• precipitation;
  • vapor transport;
  • variability;
  • sources;
  • low-level jet;
  • Mississippi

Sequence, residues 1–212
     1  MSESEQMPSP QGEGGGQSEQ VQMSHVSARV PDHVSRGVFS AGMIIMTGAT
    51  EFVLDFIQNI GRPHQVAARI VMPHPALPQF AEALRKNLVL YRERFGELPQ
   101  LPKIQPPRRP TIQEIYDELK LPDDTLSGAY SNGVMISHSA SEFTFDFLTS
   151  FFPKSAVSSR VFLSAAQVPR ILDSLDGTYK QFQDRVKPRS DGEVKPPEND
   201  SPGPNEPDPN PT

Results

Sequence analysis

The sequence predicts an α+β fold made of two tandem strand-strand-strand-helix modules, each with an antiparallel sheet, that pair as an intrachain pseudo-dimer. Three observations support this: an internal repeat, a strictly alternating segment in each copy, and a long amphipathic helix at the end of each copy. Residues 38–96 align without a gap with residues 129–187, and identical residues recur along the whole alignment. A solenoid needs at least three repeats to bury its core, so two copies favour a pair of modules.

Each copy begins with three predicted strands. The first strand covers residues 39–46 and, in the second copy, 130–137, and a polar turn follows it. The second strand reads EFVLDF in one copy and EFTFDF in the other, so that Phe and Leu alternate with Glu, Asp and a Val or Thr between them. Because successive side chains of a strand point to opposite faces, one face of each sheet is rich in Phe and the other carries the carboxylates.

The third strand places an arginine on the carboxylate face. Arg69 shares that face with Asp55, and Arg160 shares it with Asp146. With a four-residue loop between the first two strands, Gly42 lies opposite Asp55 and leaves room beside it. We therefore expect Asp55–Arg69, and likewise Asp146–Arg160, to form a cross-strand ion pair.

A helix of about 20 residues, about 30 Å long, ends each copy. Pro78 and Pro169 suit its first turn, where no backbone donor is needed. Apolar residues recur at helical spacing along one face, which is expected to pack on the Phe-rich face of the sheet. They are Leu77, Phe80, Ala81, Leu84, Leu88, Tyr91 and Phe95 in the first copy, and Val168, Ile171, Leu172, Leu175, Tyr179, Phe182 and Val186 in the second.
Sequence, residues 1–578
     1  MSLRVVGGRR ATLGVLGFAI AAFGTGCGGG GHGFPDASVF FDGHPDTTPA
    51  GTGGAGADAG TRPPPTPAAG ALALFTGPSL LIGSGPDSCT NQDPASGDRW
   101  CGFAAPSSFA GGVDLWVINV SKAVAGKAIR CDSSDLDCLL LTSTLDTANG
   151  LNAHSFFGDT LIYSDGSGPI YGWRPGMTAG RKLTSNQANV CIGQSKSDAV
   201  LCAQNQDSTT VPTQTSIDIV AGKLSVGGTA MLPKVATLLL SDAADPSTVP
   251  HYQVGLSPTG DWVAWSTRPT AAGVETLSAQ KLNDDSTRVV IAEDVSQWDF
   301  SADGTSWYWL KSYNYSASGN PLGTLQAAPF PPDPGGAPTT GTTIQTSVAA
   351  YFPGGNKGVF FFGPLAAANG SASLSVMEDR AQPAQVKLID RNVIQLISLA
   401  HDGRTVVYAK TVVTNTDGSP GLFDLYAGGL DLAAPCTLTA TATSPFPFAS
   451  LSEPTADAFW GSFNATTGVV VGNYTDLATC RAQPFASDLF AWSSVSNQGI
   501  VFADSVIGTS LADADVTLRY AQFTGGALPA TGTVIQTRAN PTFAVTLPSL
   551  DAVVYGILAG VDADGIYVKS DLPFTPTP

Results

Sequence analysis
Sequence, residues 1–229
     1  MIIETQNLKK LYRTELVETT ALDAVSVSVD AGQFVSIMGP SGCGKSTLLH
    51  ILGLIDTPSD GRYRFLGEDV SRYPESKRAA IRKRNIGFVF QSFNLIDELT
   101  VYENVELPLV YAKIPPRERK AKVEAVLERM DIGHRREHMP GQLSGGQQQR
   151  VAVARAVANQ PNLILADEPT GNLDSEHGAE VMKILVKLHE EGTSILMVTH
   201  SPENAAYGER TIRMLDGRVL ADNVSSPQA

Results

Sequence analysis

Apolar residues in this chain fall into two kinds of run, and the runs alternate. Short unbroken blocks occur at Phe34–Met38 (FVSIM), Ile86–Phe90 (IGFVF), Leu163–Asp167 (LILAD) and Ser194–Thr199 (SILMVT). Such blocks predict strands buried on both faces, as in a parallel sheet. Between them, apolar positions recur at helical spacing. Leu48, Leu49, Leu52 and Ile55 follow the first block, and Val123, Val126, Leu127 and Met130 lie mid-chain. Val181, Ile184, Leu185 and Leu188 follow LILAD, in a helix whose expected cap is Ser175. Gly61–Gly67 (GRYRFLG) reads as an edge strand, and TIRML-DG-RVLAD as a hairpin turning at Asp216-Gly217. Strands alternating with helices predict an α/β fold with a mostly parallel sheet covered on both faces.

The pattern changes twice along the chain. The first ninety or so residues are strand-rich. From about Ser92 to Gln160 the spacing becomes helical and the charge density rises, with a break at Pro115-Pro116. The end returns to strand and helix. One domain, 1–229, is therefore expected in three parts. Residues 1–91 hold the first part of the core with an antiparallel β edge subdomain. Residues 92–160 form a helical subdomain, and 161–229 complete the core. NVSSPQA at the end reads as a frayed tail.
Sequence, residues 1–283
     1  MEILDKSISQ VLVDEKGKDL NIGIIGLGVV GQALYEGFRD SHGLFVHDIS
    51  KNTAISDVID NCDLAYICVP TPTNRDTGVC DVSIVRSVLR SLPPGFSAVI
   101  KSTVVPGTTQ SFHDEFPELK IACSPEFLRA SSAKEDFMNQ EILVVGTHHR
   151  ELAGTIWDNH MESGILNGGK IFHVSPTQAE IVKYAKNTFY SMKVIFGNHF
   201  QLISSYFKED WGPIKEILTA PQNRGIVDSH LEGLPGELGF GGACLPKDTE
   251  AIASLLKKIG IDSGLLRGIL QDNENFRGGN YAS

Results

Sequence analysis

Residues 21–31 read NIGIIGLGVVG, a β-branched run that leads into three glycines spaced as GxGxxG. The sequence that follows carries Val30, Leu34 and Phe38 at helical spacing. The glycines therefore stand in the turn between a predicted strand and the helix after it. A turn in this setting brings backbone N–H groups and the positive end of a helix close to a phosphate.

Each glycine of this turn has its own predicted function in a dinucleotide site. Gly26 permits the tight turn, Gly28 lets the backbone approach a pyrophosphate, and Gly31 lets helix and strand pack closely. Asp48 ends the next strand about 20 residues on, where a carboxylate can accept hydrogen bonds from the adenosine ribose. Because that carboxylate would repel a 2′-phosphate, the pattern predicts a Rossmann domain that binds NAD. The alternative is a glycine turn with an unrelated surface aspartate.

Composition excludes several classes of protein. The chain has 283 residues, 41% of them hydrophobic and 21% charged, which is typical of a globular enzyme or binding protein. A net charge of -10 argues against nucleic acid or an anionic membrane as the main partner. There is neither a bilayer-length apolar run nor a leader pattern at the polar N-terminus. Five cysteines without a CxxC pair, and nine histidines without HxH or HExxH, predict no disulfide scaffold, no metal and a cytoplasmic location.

[1] Patterns of variability of the evaporative sources of Mississippi River basin precipitation are investigated. Time series of selected regions' evaporative contributions to warm-season precipitation in the Mississippi and its subbasins are produced on a 15-day basis for the years 1963 to 1998. Source region contributions are estimated by backward-trajectory analysis, which tracks water vapor backward in time from its site of condensation to its point of evaporation. The National Centers for Environmental Prediction (NCEP) reanalyses are used for the required atmospheric dynamics and observed data from NCEP Climate Prediction Center for precipitation. Correlation and principal component analyses of the source contribution and precipitation anomaly time series reveal a spatial pattern consisting of internal (Missouri, Red/Arkansas, and Lower Mississippi) and external (Texas/Mexico and Caribbean) sources, which explains statistically much of the interannual variability in warm-season precipitation. Further analysis of the pattern reveals that the external sources play a more important role than internal sources in the anomalies of precipitation. Examining a subset of the period, from 1979 to 1998, moisture flux analysis confirms the role of the external sources by showing the strong association between the precipitation anomalies and flux across the southern boundaries of the basin (which includes the contributions from Texas/Mexico and Caribbean). An index is introduced, based on measurable surface pressure differences between centers over the Atlantic Ocean and central United States (Mississippi watershed). The index is potentially useful in forecasting slow variations of precipitation supply in the basin.